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Violence, narrative and community after 9/11 a reading of Ian McEwan's Saturday /

by Isherwood, Jennifer.

Abstract (Summary)
Dr. Kim Coates, Advisor This thesis situates Ian McEwan’s novel Saturday (2005) in the context of debates about violence, narrative and community. These debates are becoming increasingly pressing in the aftermath of 9/11, as global violence continues to escalate. Drawing primarily on critiques of the West’s responses to 9/11 by Judith Butler, Jenny Edkins and Slavoj Žižek, I explore the tendency for Western nation states to recycle their trauma into stabilizing narratives that define self against other, disguise the instability and implicit violence of the social order, and erase ambivalent questions about the state’s own complicity in provoking violent conflict. This recycling process works to legitimize the state’s right to respond violently to the trauma in order to prevent future attacks. As an alternative to this impulse to violently order and control, I argue that embracing vulnerability and ambivalence can help us begin to imagine a less violent world. Butler’s notion of “ethical enmeshment,” Žižek’s insistence upon the importance of “selfrelating,” and Edkins’ call for us to “encircle” the revelatory potential of trauma, can help us to interrogate the West’s sense of detached entitlement to security and instead establish an important sense of collective responsibility for global distributions of vulnerability. Set on the day of massive worldwide protests against the coming war in Iraq, McEwan’s Saturday engages with and critiques a dominant post-9/11 narrative frame of imminent terrorist attack. In my reading of the novel, I examine the news media’s role in producing a passive and depoliticized “community of anxiety.” I explore issues of privilege and detachment, as well as the narrative frames that re-inscribe dominant ideas about democratic social order, particularly with regard to the forms of violence that are legitimized or de-legitimized within it. Finally, I iii argue that Saturday moves its protagonist from a position of privileged detachment towards the beginnings of a greater sense of his ethical responsibility for others. Through a story about the invasion of one family’s heavily secured home, McEwan affords us the opportunity to think about ethical responses to violent interventions that have been foreclosed by the military response to 9/11. iv This thesis is dedicated to the memory of my Grandfather, Dennis Woodman, who taught me that 8 x 8 = 64 and always took such great interest in my education. v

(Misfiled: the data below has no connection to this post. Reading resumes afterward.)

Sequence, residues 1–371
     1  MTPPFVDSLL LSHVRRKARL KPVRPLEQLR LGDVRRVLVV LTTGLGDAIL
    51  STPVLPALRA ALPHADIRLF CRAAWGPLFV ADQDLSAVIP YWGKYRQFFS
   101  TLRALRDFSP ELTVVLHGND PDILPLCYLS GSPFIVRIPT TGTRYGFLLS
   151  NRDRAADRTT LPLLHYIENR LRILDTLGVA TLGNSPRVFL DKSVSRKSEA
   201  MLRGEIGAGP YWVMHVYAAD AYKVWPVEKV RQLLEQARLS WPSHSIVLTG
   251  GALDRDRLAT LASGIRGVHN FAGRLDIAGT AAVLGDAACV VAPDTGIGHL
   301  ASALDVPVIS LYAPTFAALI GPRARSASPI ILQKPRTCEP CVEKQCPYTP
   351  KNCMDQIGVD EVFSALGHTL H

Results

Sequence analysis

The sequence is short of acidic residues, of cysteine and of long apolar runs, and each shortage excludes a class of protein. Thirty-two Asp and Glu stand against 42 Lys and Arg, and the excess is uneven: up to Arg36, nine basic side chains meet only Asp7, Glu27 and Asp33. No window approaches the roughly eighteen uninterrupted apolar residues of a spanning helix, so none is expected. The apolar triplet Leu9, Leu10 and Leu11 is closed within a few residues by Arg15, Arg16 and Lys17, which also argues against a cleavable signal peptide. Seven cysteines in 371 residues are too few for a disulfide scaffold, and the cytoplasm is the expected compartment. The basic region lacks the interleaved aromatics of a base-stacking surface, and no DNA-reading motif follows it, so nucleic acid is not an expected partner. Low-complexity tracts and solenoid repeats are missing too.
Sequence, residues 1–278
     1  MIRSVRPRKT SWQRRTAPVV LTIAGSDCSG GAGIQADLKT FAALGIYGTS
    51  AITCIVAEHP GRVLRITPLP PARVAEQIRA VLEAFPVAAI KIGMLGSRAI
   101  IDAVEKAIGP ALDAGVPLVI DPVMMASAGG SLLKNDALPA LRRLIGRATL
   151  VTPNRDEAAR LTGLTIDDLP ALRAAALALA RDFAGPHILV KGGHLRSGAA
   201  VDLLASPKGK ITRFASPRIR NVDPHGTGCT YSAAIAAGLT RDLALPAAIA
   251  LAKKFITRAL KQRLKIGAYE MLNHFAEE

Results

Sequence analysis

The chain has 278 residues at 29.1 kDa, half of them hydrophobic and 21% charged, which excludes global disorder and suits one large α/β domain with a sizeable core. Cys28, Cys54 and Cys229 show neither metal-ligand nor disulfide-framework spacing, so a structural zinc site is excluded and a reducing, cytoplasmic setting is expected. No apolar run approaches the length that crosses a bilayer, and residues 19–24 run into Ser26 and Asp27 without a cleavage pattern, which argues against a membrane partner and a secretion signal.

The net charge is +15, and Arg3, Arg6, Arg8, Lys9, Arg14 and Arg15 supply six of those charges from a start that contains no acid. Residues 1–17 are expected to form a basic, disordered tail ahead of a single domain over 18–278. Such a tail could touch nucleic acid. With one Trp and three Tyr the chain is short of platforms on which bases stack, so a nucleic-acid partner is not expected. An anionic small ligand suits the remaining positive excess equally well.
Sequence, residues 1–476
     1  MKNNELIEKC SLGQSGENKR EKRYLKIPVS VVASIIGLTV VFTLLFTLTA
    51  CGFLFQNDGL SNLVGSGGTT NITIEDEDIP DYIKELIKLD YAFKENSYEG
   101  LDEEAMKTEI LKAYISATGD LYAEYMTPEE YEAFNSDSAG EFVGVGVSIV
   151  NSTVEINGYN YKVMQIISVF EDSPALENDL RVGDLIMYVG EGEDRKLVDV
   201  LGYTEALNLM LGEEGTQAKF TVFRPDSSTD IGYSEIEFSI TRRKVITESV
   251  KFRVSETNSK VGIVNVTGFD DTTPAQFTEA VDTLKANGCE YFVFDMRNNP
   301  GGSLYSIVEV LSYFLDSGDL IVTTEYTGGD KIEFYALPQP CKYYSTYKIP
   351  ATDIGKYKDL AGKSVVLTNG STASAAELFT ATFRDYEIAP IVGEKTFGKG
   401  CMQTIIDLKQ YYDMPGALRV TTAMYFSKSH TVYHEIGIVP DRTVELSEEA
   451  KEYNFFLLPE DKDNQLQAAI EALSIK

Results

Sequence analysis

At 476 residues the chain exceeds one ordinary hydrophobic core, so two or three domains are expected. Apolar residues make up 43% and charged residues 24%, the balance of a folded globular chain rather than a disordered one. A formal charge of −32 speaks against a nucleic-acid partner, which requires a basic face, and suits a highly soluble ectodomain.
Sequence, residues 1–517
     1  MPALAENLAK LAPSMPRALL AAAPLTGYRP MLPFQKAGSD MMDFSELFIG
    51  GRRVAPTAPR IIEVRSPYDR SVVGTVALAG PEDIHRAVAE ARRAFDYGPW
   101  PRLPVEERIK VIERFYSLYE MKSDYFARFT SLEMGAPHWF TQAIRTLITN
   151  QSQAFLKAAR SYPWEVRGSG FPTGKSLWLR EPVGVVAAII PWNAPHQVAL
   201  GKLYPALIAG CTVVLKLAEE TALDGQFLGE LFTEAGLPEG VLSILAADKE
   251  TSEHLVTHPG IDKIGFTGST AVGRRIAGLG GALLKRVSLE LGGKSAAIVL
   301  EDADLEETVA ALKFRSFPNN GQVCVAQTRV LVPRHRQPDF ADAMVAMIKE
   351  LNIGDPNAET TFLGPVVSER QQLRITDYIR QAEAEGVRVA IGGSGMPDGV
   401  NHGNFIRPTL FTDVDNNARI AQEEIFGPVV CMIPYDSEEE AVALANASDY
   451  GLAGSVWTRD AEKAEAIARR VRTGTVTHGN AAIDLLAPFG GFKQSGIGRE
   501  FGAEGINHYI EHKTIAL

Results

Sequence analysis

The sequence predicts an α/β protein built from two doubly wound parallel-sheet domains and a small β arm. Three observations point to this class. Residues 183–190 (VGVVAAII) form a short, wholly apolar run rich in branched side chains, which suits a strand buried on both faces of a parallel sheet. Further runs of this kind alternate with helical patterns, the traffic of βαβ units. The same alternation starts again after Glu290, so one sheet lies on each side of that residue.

Bibliographical Information:

Advisor:

School:Bowling Green State University

School Location:USA - Ohio

Source Type:Master's Thesis

Keywords:mcewan ian violence in literature terrorism and mass media

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